Protesters hold ‘yellow-ribbon’ event at Surrey’s Bear Creek Park

People asked to tie a yellow ribbon in their yard to ‘show support for our trees’

Fleetwood Park Secondary School’s 2021 commencement ceremonies were held over the course of two days, June 10 and 11. Grads went through a small, distanced ceremony in groups of four, with up to four members of the grad’s household. (Photo: Lauren Collins)
Surrey’s 2021 grads find creative ways to celebrate in another year of COVID-19

This year’s Grade 12 students were unable to have any large-scale events

Hundreds gathered at Surrey’s Holland Park Friday (June 11) in memory of the Muslim family killed in London, Ont. on Sunday (June 6). (Photo: Shane MacKichan)
VIDEO: Hundreds gather at Surrey park in memory of victims in London attack

Vigil organized by Committee of Progressive Pakistani Canadians

At an outdoor drive-in convocation ceremony, Mount Royal University bestows an honorary Doctor of Laws on Blackfoot Elder and residential school survivor Clarence Wolfleg in Calgary on Tuesday, June 8, 2021. THE CANADIAN PRESS/Jeff McIntosh
‘You didn’t get the best of me’: Residential school survivor gets honorary doctorate

Clarence Wolfleg receives honorary doctorate from Mount Royal University, the highest honour the school gives out

The Great Ogopogo Bathtub Race has been held in Summerland as a fundraising event. Do you know which Canadian city introduced this sport? (Black Press file photo)
QUIZ: A summer’s day at the water

How much do you know about boats, lakes and water?

Two-year-old Ivy McLeod laughs while playing with Lucky the puppy outside their Chilliwack home on Thursday, June 10, 2021. (Jenna Hauck/ Chilliwack Progress)
VIDEO: B.C. family finds ‘perfect’ puppy with limb difference for 2-year-old Ivy

Ivy has special bond with Lucky the puppy who was also born with limb difference

A million-dollar ticket was sold to an individual in Vernon from the Lotto Max draw Friday, June 11, 2021. (Photo courtesy of BCLC)
Lottery ticket worth $1 million sold in Vernon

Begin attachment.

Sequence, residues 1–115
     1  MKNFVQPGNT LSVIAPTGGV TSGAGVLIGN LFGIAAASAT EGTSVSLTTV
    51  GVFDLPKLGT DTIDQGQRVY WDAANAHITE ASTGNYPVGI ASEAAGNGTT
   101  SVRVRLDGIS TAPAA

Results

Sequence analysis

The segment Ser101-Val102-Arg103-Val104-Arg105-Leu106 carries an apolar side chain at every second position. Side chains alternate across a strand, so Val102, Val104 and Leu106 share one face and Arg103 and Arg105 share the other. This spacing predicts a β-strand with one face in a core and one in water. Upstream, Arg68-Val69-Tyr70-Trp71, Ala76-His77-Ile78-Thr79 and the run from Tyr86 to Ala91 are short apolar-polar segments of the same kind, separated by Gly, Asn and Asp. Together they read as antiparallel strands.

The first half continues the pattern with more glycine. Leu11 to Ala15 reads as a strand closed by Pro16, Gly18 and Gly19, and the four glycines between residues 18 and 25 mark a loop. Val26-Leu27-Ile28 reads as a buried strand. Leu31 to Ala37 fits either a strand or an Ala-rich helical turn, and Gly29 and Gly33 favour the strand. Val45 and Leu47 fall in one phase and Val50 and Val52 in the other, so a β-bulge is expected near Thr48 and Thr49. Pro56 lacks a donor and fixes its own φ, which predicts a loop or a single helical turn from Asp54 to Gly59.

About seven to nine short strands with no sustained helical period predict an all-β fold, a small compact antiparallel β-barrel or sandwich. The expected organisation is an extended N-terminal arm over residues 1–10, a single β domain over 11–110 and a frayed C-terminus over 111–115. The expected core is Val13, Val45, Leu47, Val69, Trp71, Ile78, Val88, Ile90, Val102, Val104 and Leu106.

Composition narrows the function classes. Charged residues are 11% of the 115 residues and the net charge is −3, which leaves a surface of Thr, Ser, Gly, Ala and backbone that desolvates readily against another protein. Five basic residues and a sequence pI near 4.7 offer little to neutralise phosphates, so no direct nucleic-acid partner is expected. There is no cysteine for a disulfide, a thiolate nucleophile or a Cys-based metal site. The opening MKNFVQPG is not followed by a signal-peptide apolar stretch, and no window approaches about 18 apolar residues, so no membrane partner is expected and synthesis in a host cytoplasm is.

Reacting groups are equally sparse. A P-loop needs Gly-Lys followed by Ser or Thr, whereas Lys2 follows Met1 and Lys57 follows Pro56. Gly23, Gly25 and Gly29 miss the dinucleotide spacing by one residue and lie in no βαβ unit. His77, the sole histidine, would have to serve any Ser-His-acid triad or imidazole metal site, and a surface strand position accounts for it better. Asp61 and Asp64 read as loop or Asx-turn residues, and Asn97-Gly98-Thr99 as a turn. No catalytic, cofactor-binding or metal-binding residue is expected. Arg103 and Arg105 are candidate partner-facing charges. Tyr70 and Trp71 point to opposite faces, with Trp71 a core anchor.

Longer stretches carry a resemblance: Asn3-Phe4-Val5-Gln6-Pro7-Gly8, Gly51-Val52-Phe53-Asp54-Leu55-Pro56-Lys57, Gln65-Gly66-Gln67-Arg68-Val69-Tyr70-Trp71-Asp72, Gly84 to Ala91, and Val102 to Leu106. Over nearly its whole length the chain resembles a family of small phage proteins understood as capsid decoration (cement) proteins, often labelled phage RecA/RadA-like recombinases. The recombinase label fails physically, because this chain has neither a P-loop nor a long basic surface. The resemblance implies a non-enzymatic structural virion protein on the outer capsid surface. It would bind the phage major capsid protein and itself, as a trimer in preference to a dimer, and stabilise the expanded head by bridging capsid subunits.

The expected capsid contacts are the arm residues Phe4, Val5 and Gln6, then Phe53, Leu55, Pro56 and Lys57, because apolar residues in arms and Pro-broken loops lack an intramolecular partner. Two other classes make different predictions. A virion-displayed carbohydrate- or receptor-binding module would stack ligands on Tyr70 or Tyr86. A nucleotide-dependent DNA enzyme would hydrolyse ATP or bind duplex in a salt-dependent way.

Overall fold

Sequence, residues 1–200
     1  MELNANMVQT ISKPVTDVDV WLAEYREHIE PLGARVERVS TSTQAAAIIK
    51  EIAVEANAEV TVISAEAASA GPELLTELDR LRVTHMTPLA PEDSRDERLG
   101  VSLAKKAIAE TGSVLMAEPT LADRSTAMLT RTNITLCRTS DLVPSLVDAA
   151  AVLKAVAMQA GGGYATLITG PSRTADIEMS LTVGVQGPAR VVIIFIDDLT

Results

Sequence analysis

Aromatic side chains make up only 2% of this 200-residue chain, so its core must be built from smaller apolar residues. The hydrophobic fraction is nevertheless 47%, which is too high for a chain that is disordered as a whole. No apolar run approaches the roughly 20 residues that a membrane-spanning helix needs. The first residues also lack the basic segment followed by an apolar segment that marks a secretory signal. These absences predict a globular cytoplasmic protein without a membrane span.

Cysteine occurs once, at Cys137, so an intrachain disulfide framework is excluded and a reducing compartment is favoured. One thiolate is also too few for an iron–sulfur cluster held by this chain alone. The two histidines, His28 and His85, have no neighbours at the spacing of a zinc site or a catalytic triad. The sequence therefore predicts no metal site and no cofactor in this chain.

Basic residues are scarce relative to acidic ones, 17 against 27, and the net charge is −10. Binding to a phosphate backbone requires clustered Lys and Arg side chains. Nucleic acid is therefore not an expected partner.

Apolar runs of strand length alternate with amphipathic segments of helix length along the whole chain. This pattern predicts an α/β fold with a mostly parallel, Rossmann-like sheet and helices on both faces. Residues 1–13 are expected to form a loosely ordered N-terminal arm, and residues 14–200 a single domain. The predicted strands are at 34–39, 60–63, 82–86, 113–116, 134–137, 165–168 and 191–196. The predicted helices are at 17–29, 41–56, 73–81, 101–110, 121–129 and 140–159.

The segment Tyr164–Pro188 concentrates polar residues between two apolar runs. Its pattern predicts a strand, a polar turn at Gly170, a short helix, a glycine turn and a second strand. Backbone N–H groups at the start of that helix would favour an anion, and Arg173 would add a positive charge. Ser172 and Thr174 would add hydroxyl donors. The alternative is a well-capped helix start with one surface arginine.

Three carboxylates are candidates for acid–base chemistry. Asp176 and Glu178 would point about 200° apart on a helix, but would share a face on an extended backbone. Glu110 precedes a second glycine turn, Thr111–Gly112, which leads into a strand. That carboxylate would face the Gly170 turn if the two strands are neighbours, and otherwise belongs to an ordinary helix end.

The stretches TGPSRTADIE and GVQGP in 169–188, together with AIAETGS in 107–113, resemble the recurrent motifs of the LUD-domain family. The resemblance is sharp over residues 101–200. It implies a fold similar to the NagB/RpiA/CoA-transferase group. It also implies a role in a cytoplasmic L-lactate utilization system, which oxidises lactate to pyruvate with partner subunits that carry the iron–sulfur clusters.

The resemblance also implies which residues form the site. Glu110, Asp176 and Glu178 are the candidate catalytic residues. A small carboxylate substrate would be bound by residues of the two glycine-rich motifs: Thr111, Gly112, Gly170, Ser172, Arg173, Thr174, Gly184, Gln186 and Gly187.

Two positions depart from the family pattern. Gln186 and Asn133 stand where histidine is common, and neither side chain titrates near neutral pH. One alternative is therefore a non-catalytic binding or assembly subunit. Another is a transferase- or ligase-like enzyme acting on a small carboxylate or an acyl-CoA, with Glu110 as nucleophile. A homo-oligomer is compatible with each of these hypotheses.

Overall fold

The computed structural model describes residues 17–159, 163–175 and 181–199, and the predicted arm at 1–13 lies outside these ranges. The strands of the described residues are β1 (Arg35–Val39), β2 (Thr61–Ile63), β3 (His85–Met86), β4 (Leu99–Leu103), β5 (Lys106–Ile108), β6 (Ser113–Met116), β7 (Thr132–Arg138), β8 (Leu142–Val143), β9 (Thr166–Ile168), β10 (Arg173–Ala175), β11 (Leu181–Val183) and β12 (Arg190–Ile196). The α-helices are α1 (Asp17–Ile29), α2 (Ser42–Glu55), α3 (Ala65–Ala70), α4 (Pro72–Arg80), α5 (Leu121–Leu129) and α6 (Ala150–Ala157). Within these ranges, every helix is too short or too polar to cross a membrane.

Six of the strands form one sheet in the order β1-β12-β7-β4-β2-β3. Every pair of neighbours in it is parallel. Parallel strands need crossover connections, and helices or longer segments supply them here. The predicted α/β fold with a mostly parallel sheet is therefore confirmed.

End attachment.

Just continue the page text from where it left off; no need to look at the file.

One lucky individual holds one of 20 tickets worth $1 million from Friday’s Lotto Max draw

“65 years, I’ve carried the stories in my mind and live it every day,” says Jack Kruger. (Athena Bonneau)
‘Maybe this time they will listen’: Survivor shares stories from B.C. residential school

Jack Kruger, living in Syilx territory, wasn’t surprised by news of 215 children’s remains found on the grounds of the former Kamloops Indian Residential School

A logging truck carries its load down the Elaho Valley near in Squamish, B.C. in this file photo. THE CANADIAN PRESS/Chuck Stoody
Squamish Nation calls for old-growth logging moratorium in its territory

The nation says 44% of old-growth forests in its 6,900-square kilometre territory are protected while the rest remain at risk

Flowers and cards are left at a makeshift memorial at a monument outside the former Kamloops Indian Residential School to honour the 215 children whose remains are believed to have been discovered buried near the city in Kamloops, B.C., on Monday, May 31, 2021. THE CANADIAN PRESS/Darryl Dyck
‘Pick a Sunday:’ Indigenous leaders ask Catholics to stay home, push for apology

Indigenous leaders are calling on Catholics to stand in solidarity with residential school survivors by not attending church services

“They will never be forgotten, every child matters,” says Sioux Valley Chief Jennifer Bone in a video statement June 1. (Screen grab)
104 ‘potential graves’ detected at site of former residential school in Manitoba

Sioux Valley Dakota Nation working to identify, repatriate students buried near former Brandon residential school

Most Read